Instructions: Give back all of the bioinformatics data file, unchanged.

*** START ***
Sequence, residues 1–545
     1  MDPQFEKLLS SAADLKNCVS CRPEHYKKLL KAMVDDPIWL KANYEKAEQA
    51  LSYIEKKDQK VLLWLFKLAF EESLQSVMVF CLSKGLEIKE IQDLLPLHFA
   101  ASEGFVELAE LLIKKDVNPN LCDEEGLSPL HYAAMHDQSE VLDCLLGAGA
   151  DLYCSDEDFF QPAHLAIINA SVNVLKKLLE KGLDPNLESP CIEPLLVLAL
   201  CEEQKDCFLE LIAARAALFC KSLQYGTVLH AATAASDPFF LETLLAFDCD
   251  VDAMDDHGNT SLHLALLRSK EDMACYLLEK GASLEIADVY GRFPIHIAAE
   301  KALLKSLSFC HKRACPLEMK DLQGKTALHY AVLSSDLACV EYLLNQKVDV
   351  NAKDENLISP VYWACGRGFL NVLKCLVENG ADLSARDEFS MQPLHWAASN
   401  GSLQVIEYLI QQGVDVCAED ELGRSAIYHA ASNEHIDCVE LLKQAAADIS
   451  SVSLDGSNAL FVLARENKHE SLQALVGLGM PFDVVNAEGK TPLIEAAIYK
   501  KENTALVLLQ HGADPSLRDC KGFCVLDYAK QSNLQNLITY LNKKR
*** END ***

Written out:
Sequence, residues 1–545
     1  MDPQFEKLLS SAADLKNCVS CRPEHYKKLL KAMVDDPIWL KANYEKAEQA
    51  LSYIEKKDQK VLLWLFKLAF EESLQSVMVF CLSKGLEIKE IQDLLPLHFA
   101  ASEGFVELAE LLIKKDVNPN LCDEEGLSPL HYAAMHDQSE VLDCLLGAGA
   151  DLYCSDEDFF QPAHLAIINA SVNVLKKLLE KGLDPNLESP CIEPLLVLAL
   201  CEEQKDCFLE LIAARAALFC KSLQYGTVLH AATAASDPFF LETLLAFDCD
   251  VDAMDDHGNT SLHLALLRSK EDMACYLLEK GASLEIADVY GRFPIHIAAE
   301  KALLKSLSFC HKRACPLEMK DLQGKTALHY AVLSSDLACV EYLLNQKVDV
   351  NAKDENLISP VYWACGRGFL NVLKCLVENG ADLSARDEFS MQPLHWAASN
   401  GSLQVIEYLI QQGVDVCAED ELGRSAIYHA ASNEHIDCVE LLKQAAADIS
   451  SVSLDGSNAL FVLARENKHE SLQALVGLGM PFDVVNAEGK TPLIEAAIYK
   501  KENTALVLLQ HGADPSLRDC KGFCVLDYAK QSNLQNLITY LNKKR